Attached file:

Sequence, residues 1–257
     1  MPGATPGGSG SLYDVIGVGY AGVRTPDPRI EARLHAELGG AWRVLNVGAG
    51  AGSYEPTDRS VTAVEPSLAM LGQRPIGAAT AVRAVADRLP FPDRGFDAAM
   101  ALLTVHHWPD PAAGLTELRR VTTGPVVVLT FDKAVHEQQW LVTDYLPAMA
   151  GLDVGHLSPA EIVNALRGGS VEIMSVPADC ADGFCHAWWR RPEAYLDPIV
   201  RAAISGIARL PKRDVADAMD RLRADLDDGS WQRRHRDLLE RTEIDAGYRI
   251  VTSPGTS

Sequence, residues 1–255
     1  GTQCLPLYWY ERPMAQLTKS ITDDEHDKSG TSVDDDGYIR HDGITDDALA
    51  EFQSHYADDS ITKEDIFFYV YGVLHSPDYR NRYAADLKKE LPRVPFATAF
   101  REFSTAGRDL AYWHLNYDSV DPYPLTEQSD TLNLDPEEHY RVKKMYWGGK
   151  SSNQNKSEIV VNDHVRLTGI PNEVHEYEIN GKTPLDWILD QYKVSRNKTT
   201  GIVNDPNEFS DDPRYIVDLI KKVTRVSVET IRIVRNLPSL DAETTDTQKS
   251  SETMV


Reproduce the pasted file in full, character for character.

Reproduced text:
Sequence, residues 1–257
     1  MPGATPGGSG SLYDVIGVGY AGVRTPDPRI EARLHAELGG AWRVLNVGAG
    51  AGSYEPTDRS VTAVEPSLAM LGQRPIGAAT AVRAVADRLP FPDRGFDAAM
   101  ALLTVHHWPD PAAGLTELRR VTTGPVVVLT FDKAVHEQQW LVTDYLPAMA
   151  GLDVGHLSPA EIVNALRGGS VEIMSVPADC ADGFCHAWWR RPEAYLDPIV
   201  RAAISGIARL PKRDVADAMD RLRADLDDGS WQRRHRDLLE RTEIDAGYRI
   251  VTSPGTS

Sequence, residues 1–255
     1  GTQCLPLYWY ERPMAQLTKS ITDDEHDKSG TSVDDDGYIR HDGITDDALA
    51  EFQSHYADDS ITKEDIFFYV YGVLHSPDYR NRYAADLKKE LPRVPFATAF
   101  REFSTAGRDL AYWHLNYDSV DPYPLTEQSD TLNLDPEEHY RVKKMYWGGK
   151  SSNQNKSEIV VNDHVRLTGI PNEVHEYEIN GKTPLDWILD QYKVSRNKTT
   201  GIVNDPNEFS DDPRYIVDLI KKVTRVSVET IRIVRNLPSL DAETTDTQKS
   251  SETMV